Growth of eco-resorts in these countries has also followed government policy, Topalović said. Slovenia’s national tourism office has gone all in for nature tourism, and the result has been an increase in specialized eco-resorts. In Croatia, the development of eco-resorts in rural areas is part of the solution to the overtourism problem along the country’s coast. For example, inland in Lovinac, the highly anticipated T-Nest eco-resort is set to open this fall. It incorporates 70 wooden villas in a scenic forest landscape. Green credentials include a natural pool with a self-cleaning system, an elevated tree canopy trail, and organic gardens and greenhouses supplying the on-site restaurants.
What’s COMING Down The Pipeline
Your Nature, situated in 700 acres of preserved forestland in western Belgium, is scheduled to open later this year. The eco-resort is designed to preserve the area’s biodiversity and natural resources. It will consist of hundreds of small lodges built from sustainable materials. There will be multiple dining and nightlife concepts and a range of recreational facilities. What’s more, the carbon footprint for getting there will be small. Your Nature is a short train ride from London, Paris, and Brussels.
While the resort is owned by Edouard de Ligne, a member of the Belgian nobility, it’s going to be branded and managed by a notable hotel company: Dream Hotel Group, which recently signed on as the property’s management company. CEO Jay Stein said that even though Dream Hotels hadn’t originally planned to start an eco-resort, a chance encounter with a green-leaning real estate developer offered reason enough to give it a shot. Since the world is heading this way, and the concept fit into de Ligne’s desire to be “progressive and sustainable,” the partnership made sense.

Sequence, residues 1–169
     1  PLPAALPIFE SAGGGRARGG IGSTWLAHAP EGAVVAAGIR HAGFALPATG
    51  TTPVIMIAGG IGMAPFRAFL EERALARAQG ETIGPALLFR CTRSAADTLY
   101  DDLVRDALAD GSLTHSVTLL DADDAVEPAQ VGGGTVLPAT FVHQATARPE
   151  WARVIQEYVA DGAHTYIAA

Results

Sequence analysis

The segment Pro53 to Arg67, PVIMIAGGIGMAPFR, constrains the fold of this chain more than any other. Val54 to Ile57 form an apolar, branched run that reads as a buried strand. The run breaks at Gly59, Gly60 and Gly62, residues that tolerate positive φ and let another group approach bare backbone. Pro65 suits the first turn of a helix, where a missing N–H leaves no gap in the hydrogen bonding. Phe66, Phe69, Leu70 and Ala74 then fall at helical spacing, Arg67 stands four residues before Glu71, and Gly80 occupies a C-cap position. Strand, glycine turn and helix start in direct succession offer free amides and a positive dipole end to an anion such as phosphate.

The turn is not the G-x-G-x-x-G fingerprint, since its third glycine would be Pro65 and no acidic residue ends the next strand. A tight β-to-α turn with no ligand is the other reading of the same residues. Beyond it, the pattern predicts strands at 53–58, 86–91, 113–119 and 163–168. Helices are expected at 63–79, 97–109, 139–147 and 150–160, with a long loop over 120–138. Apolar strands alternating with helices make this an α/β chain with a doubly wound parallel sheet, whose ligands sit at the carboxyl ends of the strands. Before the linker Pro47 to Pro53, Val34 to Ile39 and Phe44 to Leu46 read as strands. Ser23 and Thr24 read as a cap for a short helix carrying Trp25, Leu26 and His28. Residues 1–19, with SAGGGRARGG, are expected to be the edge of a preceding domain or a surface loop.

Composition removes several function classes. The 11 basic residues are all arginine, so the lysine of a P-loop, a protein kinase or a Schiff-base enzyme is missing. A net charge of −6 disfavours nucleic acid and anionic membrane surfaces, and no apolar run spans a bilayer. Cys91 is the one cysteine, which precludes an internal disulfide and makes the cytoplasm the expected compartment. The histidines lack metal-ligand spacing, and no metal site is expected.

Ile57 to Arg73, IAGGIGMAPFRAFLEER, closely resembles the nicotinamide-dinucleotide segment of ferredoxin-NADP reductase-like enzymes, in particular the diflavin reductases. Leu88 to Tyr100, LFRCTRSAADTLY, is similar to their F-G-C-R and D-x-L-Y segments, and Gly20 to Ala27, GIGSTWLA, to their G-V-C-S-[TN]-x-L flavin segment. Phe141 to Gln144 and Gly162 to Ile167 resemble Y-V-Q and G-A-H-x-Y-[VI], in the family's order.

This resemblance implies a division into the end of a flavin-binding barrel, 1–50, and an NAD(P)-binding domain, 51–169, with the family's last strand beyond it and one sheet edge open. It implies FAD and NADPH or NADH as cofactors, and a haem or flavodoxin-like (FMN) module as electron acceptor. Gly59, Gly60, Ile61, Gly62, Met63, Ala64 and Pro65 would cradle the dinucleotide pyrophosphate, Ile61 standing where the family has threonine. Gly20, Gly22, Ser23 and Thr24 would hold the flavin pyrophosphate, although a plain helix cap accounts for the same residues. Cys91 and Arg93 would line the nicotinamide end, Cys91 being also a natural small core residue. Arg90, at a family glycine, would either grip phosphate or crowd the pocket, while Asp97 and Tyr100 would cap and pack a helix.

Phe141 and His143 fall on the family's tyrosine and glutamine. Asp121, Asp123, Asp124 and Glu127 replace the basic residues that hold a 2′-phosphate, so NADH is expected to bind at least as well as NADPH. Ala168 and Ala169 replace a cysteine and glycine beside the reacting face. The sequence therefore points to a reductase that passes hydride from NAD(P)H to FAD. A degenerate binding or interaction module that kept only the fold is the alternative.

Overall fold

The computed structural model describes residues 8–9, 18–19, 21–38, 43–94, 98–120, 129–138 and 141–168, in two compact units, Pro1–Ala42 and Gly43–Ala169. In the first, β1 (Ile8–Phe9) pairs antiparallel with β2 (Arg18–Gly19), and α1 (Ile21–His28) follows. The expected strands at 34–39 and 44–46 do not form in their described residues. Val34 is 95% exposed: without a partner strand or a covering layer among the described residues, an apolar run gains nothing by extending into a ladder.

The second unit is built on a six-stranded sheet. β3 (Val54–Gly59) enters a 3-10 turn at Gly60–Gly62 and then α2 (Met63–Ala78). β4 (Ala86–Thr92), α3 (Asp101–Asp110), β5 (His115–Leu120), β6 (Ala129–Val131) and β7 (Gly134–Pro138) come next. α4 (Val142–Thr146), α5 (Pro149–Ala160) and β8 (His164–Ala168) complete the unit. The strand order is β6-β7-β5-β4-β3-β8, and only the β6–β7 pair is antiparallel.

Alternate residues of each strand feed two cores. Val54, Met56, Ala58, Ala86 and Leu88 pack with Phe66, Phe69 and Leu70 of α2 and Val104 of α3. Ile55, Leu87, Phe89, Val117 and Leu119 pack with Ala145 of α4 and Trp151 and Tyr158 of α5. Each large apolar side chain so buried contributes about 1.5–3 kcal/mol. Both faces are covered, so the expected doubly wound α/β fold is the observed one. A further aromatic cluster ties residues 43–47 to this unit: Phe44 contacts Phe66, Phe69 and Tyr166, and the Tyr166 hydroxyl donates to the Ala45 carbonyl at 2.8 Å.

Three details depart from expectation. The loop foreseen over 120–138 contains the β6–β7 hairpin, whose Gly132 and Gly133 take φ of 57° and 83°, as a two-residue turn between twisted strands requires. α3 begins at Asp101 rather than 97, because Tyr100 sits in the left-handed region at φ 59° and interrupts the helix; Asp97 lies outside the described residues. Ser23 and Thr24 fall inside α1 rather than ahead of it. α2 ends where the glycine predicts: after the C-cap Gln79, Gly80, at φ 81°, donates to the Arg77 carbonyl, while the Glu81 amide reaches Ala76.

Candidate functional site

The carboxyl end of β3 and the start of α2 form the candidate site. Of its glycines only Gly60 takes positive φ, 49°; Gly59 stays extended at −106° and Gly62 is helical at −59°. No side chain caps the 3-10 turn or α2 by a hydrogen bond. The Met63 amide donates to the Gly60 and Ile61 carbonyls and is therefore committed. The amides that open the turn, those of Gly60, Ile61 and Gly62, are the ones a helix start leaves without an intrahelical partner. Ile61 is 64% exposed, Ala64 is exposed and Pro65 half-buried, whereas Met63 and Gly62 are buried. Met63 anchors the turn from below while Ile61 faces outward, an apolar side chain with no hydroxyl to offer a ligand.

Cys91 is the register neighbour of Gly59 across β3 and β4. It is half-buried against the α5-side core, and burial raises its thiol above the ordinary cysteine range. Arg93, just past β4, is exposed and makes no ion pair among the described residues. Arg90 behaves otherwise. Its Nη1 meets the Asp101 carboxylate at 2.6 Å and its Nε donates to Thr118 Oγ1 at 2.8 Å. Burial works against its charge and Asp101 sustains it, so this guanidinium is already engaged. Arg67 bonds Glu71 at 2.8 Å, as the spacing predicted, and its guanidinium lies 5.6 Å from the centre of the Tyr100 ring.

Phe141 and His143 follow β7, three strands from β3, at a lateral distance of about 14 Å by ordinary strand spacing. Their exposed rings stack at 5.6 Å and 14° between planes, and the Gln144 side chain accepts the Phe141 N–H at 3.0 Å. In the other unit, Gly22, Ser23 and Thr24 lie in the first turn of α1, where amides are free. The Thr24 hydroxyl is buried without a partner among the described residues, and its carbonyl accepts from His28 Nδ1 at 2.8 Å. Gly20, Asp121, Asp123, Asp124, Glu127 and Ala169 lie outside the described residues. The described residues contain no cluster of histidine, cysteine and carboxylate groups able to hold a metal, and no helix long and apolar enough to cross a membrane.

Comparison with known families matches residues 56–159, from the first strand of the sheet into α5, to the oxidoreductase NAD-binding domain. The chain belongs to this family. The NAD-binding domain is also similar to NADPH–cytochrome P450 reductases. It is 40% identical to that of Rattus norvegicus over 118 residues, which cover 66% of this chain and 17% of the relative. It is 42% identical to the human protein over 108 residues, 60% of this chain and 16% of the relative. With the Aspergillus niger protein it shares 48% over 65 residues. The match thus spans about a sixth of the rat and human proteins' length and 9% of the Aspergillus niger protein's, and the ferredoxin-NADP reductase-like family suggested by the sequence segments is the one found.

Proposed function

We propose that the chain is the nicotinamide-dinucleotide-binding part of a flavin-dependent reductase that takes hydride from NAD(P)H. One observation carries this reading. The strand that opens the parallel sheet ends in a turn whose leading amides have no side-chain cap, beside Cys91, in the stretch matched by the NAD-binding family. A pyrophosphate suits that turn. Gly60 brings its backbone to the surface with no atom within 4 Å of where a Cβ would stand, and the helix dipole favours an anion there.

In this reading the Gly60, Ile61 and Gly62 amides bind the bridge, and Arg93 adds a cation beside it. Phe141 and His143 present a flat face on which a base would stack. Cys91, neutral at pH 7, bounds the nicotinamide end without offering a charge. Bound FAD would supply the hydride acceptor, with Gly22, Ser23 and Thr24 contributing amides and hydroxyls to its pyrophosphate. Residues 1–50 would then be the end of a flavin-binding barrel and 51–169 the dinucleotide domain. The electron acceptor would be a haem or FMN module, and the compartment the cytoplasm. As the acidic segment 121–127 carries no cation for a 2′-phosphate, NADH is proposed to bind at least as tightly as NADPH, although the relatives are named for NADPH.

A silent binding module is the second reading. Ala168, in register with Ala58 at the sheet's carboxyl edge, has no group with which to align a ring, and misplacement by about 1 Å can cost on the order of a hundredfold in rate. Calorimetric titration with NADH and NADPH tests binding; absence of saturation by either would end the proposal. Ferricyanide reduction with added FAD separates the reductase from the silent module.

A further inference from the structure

Your Nature, which will be branded under Dream’s Unscripted label, will be a pilot project, according to Stein. “We are trying to get fully immersed in the concept and are learning as we go,” said Stein. “We aren’t bringing a playbook and dropping it in there. That said, we are hoping to bring in elements from existing brands, and vice versa.”
Will other hotel companies follow Dream Hotels in the eco-resort movement? According to Topalović, “While eco-resorts are becoming increasingly popular, they are not mainstream. They are still perceived by investors as niche/boutique,” which, he said, may not be of interest to bigger companies — yet.
But Curtis-Raleigh sees eco-resorts as products that will appeal both to investors specializing in social responsibility and to large hotel companies. That’s because the desire “to seek out experiential travel and discover modern, unique accommodations doesn’t seem to be going away.” Just look at AutoCamp, UnderCanvas, and Getaway, all of which have raised millions of dollars in recent years from venture capital funds, private equity firms, and major hospitality companies.
As big money comes into the picture, however, there is a danger that the concept could end up getting misappropriated. There is certainly potential for greenwashing, which is when an organization falsely presents itself as environmentally responsible. According to Curtis-Raleigh, the industry “would like to come up with some standards as to what an eco-resort is to avoid greenwashing.” That said, “We don’t want to impose these standards, but we do want to ensure that eco-resorts always serve to improve the lives of the people who live around them and the environment.”